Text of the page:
Donovan Carter may be a “political nuisance

Judge rejects peace bond in Carter case

A judge has denied a peace bond application to keep former Nelson resident Donovan Carter away from MLA Michelle Mungall.

While branding Donovan Carter’s behavior “perhaps untimely, ill-advised, and inappropriate,” a judge has rejected a peace bond application to keep the former Nelson man away from MLA Michelle Mungall.

Judge Ron Webb said in his view there is nothing to “give rise to a reasonably-based fear” that Carter poses a threat to Mungall.

“All the matters that occurred perhaps ought not to have,” he said in his brief ruling following Carter’s testimony. “[But] I accept Mr. Carter’s evidence that he has no intent to cause any harm to Ms. Mungall and never has.”

Carter left a series of voicemails at Mungall’s constituency office and held up a sign in front of her at a forum in February 2011 that read: “Michelle, less boob tube, more Crown land.”

After Mungall complained to police, Carter was arrested and released on conditions to stay away from her, pending the peace bond application. Court heard he complied with his conditions and has since moved to Vancouver Island.

In his testimony, Carter agreed he could be characterized as a “political nuisance,” but denied he posed a physical threat.

“If I was any threat at all, I was a political threat,” he said. “I can see how some people would feel I was a nuisance. I’ll accept that.”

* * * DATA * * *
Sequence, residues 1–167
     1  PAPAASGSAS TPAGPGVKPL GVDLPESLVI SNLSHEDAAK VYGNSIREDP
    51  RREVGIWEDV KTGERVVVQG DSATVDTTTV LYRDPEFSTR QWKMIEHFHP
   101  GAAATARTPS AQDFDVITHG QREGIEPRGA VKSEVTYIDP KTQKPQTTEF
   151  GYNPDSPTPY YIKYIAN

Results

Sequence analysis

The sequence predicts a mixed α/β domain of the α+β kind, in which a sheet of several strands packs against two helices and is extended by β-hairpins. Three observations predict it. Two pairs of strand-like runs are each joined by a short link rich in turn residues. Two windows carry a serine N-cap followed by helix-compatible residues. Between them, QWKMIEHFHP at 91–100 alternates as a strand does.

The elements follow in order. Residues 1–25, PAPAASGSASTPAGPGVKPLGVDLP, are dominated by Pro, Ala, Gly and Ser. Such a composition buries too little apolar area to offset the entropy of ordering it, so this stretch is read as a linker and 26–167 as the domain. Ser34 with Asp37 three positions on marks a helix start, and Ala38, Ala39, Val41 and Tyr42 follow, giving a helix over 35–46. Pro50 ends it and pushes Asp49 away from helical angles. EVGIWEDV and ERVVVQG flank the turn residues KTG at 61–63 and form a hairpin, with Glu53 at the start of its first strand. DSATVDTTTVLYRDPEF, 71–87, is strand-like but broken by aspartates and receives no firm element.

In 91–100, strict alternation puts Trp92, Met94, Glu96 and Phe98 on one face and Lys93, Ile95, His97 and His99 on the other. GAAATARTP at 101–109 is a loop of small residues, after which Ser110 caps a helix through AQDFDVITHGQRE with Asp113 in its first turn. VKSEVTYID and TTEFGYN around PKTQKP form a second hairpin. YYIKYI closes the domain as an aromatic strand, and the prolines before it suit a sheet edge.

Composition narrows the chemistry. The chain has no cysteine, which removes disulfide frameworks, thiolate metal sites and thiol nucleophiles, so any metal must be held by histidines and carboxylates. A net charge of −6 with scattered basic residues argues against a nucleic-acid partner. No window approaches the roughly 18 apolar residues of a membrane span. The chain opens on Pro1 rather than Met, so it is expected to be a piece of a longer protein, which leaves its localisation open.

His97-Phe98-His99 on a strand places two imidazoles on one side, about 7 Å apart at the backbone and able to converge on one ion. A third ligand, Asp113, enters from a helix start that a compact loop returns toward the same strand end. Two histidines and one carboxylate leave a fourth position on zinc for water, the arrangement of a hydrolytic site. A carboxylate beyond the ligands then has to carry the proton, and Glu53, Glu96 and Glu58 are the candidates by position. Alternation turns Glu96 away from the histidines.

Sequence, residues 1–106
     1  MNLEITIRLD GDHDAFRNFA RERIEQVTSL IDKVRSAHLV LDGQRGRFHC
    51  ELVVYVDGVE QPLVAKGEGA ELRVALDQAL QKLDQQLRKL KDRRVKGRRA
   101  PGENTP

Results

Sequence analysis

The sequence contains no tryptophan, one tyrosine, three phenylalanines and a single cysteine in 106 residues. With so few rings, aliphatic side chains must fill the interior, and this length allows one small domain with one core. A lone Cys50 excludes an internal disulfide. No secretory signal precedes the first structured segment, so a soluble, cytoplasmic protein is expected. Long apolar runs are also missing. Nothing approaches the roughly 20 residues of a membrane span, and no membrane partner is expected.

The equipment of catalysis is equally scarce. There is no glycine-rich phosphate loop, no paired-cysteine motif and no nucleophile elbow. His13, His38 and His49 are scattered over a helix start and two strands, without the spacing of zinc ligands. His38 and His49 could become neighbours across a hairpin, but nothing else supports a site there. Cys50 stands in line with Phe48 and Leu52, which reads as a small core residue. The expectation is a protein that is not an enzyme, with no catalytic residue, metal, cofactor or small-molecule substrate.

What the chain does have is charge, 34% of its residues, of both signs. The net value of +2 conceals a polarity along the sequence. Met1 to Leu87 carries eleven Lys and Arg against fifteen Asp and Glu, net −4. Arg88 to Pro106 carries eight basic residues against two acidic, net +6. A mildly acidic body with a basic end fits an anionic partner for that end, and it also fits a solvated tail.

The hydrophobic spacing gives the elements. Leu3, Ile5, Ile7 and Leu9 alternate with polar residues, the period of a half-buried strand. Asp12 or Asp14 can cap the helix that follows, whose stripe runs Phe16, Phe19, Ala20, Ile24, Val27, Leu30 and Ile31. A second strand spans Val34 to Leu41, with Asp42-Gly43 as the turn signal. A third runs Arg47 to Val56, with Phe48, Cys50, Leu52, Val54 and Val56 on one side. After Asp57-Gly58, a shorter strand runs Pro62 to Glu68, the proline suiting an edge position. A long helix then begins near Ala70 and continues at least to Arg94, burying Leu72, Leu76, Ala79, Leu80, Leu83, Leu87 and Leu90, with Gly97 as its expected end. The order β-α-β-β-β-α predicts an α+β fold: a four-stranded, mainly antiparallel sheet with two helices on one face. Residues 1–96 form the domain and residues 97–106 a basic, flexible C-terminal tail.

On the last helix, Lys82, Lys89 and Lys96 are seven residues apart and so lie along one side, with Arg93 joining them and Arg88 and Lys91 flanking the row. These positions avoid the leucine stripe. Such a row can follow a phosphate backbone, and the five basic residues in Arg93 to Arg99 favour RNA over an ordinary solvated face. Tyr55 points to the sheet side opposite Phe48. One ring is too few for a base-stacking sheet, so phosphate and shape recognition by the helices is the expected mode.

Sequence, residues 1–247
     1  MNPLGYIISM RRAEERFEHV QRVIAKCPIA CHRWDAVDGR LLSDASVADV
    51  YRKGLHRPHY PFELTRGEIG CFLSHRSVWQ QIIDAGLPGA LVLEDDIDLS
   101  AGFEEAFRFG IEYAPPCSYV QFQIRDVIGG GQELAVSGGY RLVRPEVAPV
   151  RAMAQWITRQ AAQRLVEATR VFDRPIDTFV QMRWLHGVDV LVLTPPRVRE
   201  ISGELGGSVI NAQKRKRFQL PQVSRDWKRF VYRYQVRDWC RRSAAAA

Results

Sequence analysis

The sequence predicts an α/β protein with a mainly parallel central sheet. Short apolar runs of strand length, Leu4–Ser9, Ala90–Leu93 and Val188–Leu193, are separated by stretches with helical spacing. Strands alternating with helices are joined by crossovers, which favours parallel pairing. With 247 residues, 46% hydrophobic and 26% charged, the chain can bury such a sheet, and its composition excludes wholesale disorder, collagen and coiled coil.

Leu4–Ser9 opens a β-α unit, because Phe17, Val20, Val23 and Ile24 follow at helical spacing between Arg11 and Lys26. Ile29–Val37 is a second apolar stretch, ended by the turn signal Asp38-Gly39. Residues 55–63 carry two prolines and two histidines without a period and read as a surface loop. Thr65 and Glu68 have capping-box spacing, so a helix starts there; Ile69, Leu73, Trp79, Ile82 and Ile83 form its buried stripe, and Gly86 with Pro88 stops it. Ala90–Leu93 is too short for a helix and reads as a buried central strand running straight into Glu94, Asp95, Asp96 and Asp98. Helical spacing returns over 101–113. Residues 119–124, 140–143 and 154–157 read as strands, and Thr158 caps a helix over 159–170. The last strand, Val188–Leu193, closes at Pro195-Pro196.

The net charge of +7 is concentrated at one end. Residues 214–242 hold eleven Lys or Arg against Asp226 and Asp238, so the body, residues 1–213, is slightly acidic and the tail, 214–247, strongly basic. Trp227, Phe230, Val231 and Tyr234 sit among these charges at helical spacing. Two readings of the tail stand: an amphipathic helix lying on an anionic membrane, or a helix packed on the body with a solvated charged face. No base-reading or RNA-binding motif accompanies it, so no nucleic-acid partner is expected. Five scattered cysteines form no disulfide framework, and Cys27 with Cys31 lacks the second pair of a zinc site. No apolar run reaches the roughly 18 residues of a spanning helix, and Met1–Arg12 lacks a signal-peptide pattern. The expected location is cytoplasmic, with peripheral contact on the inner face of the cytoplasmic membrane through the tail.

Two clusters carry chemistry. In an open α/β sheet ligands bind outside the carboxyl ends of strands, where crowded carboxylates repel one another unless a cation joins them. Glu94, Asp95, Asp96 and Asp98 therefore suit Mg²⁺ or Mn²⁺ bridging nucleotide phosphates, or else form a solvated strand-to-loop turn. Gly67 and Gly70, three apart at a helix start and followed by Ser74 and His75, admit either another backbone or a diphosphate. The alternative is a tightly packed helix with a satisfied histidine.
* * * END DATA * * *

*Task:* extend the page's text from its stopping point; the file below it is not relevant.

He told the court he was annoyed with the MLA’s response to the idea of freeing up Crown land for social housing, accusing her of “sidestepping” the issue.

The voicemails he left, described by constituency assistants as loud and angry, expressed “a little sarcasm and contempt,” he said, while the sign at the meeting was an attempt at “innocuous humor.”

In one message played in court, he accused her of “flaunting your perky cleavage.”

Carter said it was in reference to a campaign video Mungall appeared in, wearing what he called “tight-fitting, low-cut clothing” that made her a “poor role model for women in politics.”

He testified he was trying to put pressure on her and “expose her political opportunism” but did not expect she would be afraid of him.

Carter said he left voicemails rather than confront people directly because “if they don’t like the message, they can hit delete.”

“I never meant any harm. I don’t believe I committed any harm,” he added.

Carter told the judge while he may return to Nelson in a year or two, he doesn’t intend to leave any more messages for Mungall.

Under cross-examination, Carter was asked to explain other statements in the voicemails, such as “You don’t negotiate with narcissistic politicians, you can only bloody them,” which he insisted was a reference to politics as bloodsport.

In closing submissions, Crown prosecutor Sunday Patola said the court could be satisfied Mungall had a legitimate fear of Carter, borne out by other witnesses.

“Mr. Carter has had a lot of issues with Ms. Mungall, but took it to a personal level rather than a professional and political level,” she said.

“He seems well able to eloquently put points across in support of his views, yet instead of doing that in the voicemails or by letter, he left these disturbing, sexually oriented, angry messages.”

Patola said the sign incident was the tipping point at which Mungall became concerned for her safety.

But defence lawyer Blair Suffredine — the former Nelson-Creston Liberal MLA — called Mungall a “drama queen” who went to police without first discussing the matter with Carter.

The judge, while finding Carter may have been guilty of “poor humour, poor choices, and stupid behaviour,” concluded it did not warrant “quasi-criminal” sanctions.

The case first reached court last summer, and has been adjourned several times.

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